Though he could not have known this at the time, the passage that Joseph read in James 1:5 brought him into direct contact with the history of English Bible translation stretching back to Wycliffe.26 The KJB translators amalgamated in this single short verse the work of three previous translations. The language is mostly from Tyndale. “If any of you lack wisdom, let him ask of God, . . . and it shall be given him” is all Tyndale. It is characteristically simple and direct in syntax and vocabulary, the kind of prose a plowboy might turn over and over again in his mind and heart. “Upbraideth,” however, is not from Tyndale. It is much too fancy. Tyndale wrote instead that God “casteth no man in the teeth.” All the Protestant translations after Tyndale used this colorful if rather violent phrasing. The KJB translators disliked it and wrestled with other options. According to John Bois’s invaluable notes of their deliberations, they considered both “hitting in the teeth” (even more violent and indecorous) and “without twitting,” which is comically prissy and surely would have rendered the verse infamous had they used it.27 In the end, they reached back to a term first used by Wycliffe and then taken up by the Douay—“upbraideth”—but inverted the negation to improve the cadence: “and upbraideth not.” Their choice was dignified and melodious. Though the diction was perhaps a bit above the range of most plowboys, it seems to have been intelligible to Joseph Smith.
The translators also changed Tyndale’s “indifferently” to “liberally” in describing how God “giveth to all men.” Tyndale wrote that God giveth to all men “indifferently.” This emphasizes God’s impartiality, which was very important to Tyndale, a man who cared about plowboys more than prelates, but it misses God’s love. The KJB translators opted instead for a word in the Geneva Bible, whose marginal note reinforces the idea that God is “bountiful and liberal” to all who ask, while stressing, polemically, the Protestant doctrine that one needs no human mediator to approach God, but may do so directly.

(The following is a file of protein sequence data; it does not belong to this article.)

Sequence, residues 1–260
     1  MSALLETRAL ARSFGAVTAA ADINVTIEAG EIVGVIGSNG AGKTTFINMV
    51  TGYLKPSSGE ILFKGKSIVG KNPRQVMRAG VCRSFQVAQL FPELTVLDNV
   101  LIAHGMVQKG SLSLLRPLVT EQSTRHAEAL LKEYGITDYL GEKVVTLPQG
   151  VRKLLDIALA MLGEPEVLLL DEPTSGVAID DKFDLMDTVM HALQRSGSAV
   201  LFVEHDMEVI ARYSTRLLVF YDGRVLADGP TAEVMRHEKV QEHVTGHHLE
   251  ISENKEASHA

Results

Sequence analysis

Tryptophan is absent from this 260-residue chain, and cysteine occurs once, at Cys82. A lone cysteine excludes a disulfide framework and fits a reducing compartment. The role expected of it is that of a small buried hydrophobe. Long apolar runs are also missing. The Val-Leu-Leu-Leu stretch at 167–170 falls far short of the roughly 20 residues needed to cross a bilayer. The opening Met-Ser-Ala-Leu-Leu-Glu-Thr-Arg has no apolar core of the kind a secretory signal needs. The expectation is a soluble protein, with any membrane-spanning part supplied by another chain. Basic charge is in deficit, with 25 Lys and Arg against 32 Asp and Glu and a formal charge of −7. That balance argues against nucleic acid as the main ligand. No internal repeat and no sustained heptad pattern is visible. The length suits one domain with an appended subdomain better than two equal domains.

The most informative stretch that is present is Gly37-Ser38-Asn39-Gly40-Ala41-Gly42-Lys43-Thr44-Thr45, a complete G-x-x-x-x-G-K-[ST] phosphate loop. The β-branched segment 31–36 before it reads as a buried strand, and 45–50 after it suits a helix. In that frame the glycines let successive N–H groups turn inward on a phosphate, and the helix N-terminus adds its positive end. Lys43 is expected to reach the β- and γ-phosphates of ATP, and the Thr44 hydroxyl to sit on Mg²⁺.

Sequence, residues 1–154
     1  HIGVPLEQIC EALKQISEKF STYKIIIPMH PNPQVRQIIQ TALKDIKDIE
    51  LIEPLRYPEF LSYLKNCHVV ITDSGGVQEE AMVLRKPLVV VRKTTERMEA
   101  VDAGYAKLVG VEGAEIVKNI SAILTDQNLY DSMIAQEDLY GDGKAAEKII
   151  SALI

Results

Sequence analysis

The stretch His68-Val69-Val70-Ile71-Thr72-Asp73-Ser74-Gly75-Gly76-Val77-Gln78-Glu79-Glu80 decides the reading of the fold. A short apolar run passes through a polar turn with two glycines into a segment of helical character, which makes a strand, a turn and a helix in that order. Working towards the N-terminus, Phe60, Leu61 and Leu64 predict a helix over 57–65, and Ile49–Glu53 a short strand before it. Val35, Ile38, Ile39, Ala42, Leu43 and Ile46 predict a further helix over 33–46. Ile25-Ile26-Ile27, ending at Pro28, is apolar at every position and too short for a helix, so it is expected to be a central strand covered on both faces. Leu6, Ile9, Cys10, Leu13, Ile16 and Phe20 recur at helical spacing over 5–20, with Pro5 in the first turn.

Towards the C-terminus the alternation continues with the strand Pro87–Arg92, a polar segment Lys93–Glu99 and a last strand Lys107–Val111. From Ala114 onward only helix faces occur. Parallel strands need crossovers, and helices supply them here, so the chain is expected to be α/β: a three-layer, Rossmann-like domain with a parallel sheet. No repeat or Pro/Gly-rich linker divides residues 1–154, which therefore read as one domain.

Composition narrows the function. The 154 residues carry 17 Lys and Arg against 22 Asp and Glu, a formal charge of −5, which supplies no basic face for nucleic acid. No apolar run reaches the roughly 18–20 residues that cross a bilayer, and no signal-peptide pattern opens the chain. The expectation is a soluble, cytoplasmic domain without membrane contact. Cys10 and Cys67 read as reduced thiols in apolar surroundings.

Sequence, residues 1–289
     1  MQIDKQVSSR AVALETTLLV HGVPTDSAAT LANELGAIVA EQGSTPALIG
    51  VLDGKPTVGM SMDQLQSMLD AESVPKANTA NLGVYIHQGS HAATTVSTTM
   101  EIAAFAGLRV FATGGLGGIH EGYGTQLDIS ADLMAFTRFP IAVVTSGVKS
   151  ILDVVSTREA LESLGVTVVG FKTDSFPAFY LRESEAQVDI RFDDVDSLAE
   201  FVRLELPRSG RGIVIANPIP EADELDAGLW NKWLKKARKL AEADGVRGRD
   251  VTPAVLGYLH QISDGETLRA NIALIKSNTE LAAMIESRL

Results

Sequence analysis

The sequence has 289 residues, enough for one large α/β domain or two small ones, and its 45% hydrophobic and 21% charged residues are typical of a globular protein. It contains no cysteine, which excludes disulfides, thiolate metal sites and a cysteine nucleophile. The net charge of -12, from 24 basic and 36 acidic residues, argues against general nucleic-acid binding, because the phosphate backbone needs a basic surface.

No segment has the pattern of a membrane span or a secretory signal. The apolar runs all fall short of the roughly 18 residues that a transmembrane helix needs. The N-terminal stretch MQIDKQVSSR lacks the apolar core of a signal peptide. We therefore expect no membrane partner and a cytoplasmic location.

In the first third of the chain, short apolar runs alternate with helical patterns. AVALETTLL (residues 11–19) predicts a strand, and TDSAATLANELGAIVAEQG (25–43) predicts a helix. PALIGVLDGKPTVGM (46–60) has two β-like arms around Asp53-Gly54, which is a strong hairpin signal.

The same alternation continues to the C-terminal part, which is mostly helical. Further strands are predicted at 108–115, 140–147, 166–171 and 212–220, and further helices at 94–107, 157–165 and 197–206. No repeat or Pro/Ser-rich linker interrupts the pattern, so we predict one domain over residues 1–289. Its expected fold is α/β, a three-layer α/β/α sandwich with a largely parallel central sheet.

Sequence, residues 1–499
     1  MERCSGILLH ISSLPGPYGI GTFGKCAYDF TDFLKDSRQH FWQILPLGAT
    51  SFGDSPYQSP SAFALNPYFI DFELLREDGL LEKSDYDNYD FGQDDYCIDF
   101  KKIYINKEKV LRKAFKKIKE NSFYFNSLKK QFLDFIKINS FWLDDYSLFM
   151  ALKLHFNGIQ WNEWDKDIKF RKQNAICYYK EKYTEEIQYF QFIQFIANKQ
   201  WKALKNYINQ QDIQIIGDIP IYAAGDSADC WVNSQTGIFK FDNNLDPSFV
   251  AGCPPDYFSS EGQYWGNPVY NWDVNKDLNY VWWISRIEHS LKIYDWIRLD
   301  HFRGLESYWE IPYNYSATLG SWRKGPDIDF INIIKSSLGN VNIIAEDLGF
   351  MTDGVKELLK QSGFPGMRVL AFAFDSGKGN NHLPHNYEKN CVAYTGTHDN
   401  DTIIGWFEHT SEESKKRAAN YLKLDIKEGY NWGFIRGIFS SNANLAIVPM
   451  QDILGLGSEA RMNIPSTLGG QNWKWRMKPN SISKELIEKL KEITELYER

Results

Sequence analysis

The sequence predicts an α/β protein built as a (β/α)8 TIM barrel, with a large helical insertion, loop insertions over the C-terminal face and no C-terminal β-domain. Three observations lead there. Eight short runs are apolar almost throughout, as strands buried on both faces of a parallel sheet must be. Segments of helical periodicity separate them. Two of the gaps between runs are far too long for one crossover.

Thus, the verse that touched Joseph Smith’s heart so deeply and launched what Mormons believe is the restoration of Christ’s church on earth was the product of a long history of English translations, from Wycliffe on. After Wycliffe died, his body was ordered to be exhumed, burned, and the ashes scattered in the river Swift, a small tributary of the Avon. A poem imagines his ashes flowing from the Swift to the Avon to the Severn to the sea, and from thence as “wide as the waters be.”28 Through the KJB, they reached across the Atlantic to touch a boy in upstate New York centuries later. Now every English-speaking Latter-day Saint knows that God “upbraideth not” even if they don’t know what “upbraid” means or that the term originated with Wycliffe.